For protection from predators, the lined earwig, Doru taeniatum of North, Central, and South America can squirt foul-smelling yellow liquid in the form of jets from scent glands on the dorsal side of the third and fourth abdominal segment. It aims the discharges by revolving the abdomen, a maneuver that enables it simultaneously to use its pincers in defense.

Earwigs are mostly scavengers, but some are omnivorous or predatory. Food typically consists of a wide array of living and dead plant and animal matter. The common earwig is an omnivore, eating plants and ripe fruit (peaches, plums, grapes) as well as actively hunting arthropods. To a large extent, this species is also a scavenger, feeding on decaying plant and animal matter if given the chance. There is an argument about whether earwigs are harmful or beneficial to crops, as they eat both the foliage and the insects eating such foliage, such as aphids, though it would take a large population to do considerable damage. The common earwig eats a wide variety of plants, and also a wide variety of foliage, including the leaves and petals. They have been known to cause economic losses in fruit and vegetable crops. Some examples are the flowers, hops, red raspberries, and corn crops (corn silk) in Germany, and in the south of France, earwigs have been observed feeding on peaches and apricots. Other observed prey include plant lice, but also large insects such as bluebottle flies (Diptera) and woolly aphids (Hemiptera).

Earwigs are fairly abundant and are found in many areas around the world. There is no indication that they transmit diseases to humans or other animals. Their pincers are commonly assumed to be dangerous, but in truth, even the curved pincers of males cause little or no harm to humans. Earwigs have been rarely known to crawl into the ears of humans, but they do not lay eggs inside the human body.

In Arkansas, there is no list of species present in the state. It is assumed that four species reported from the adjoining state of Oklahoma occur in Arkansas, including the invasive European earwig. Research is sorely needed on this group of insects in the state.

For additional information:
Arnold, Don C., and W. A. Drew. “Earwigs (Dermaptera) of Oklahoma.” Proceedings of the Oklahoma Academy of Science 59 (1979): 115‒116.

Colgan, D., G. Cassis, and E. Beacham. “Setting the Molecular Phylogenetic Framework for the Dermaptera.” Insect Systematics and Evolution 34 (2003): 65–79.

Engel, M. S. “The Earwigs of Kansas, with a Key to Genera North of Mexico (Insecta: Dermaptera).” Transactions of the Kansas Academy of Science 106 (2009): 3–4.

Giles, E. “The Comparative External Morphology and Affinities of the Dermaptera.” Ecological Entomology 115 (1963): 95–164.

Haas, Fabian. “The Evolution of Wing Folding and Flight in the Dermaptera (Insecta).” Acta Zoologica Cracoviensia 46 (2003): 67–72.

Hoffman, Kevin M. “Earwigs (Dermaptera) of South Carolina, with a Key to the Eastern North American Species and a Checklist of the North American Fauna.” Proceedings of the Entomological Society of Washington 89 (1987): 1‒14.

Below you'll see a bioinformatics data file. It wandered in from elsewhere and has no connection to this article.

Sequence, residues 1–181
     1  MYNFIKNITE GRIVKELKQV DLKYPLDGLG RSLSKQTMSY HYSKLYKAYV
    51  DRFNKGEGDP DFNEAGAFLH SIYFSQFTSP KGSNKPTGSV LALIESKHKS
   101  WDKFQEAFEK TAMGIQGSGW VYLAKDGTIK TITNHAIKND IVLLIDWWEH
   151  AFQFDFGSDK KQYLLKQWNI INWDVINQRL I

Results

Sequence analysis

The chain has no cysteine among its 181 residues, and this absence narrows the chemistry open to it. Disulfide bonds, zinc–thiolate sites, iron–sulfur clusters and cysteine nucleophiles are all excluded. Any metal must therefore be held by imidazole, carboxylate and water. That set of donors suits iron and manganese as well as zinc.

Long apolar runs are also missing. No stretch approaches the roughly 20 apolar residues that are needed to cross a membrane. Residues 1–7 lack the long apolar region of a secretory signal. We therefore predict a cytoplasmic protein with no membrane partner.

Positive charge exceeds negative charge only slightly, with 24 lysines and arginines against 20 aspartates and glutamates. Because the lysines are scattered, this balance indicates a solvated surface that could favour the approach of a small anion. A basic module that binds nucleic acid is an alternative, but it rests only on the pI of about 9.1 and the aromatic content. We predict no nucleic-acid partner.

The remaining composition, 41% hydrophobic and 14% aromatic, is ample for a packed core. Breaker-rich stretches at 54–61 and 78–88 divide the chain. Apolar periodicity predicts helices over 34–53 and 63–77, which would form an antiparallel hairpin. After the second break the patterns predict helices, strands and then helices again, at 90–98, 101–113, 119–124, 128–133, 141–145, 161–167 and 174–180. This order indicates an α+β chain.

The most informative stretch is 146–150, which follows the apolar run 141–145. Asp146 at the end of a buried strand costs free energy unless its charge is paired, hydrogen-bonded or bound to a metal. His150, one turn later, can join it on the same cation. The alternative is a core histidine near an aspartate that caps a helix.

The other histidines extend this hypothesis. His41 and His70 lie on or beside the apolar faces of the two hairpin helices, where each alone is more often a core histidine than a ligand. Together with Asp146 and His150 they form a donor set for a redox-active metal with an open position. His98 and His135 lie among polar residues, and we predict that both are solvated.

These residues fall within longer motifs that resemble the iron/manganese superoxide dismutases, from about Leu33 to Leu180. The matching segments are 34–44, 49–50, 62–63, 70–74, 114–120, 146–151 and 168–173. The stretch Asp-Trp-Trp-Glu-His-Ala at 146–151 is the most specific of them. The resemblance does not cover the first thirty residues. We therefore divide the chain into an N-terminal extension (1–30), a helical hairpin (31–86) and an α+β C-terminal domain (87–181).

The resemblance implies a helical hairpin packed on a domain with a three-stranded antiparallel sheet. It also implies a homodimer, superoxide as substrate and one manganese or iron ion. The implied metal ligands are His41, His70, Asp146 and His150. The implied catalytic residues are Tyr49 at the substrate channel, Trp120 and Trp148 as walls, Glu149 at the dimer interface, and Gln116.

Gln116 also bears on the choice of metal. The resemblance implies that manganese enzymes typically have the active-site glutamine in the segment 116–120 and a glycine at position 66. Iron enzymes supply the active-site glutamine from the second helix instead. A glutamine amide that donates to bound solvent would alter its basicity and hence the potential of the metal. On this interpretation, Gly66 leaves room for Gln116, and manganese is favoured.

Jarvis, Karl J., Fabain Haas, and Michael F. Whiting. “A Phylogeny of Earwigs (Insecta: Dermaptera) Based on Molecular and Morphological Evidence: Reconsidering the Classification of Dermaptera.” Systematic Entomology 30 (2004): 1–12.

Kamimura, Y. “In Search of the Origin of Twin Penises: Molecular Phylogeny of Earwigs (Dermaptera: Forficulina) Based on Mitochondrial and Nuclear Ribosomal RNA Genes.” Annals of the Entomological Society of America 97 (2004): 903–912.

Kurczewski, Frank E. “Vespula maculifrons (Hymenoptera: Vespidae) Preying on the European Earwig Forficula auricularia.” Journal of the New York Entomological Society 76 (1968): 84‒86.

Mao, Yue, Michael S. Engel, Ren Dong, and Taiping Gao. “A New Species of Astreptolabis in Mid-Cretaceous Amber from Northern Myanmar, With the Discovery of the First Male of Astreptolabidinae (Dermaptera).” Zookeys 911 (2020): 101‒112.

Sakai, S. “A New Proposed Classification of the Dermaptera with Special Reference to the Check List of the Dermaptera of the World.” Bulletin of Daito Bunka University 20 (1982): 1‒108.

Staerkle, M., and M. Koelliker. “Maternal Food Regurgitation to Nymphs in Earwigs (Forficula auricularia).” Ethology 114 (2008): 844–850.

Suzuki, S., M, Kitamura, and K. Matsubayashi. “Matriphagy in the Hump Earwig, Anechura harmandi (Dermaptera: Forficulidae), Increases the Survival Rates of the Offspring.” Journal of Ethology 23 (2005): 211–213.

Weiss, Michael J., and Garrick McDonald. “European Earwig, Forficula auriculari L. (Dermaptera: Forficulidae), as a Predator of the Redlegged Earth Mite, Halotydeus destructor (Tucker) (Acarina: Penthaleidae).” Australian Journal of Entomology 37 (2): 183–185.

Wipfler, Benjamin, Ward Koehler, Paul B. Frandsen, Sabrina Simon, et al. “Phylogenomics Changes Our Understanding About Earwig Evolution.” Systematic Entomology (2020): DOI: 10.111.syen.12420.

Chris T. McAllister
Eastern Oklahoma State College

Last Updated: 09/03/2020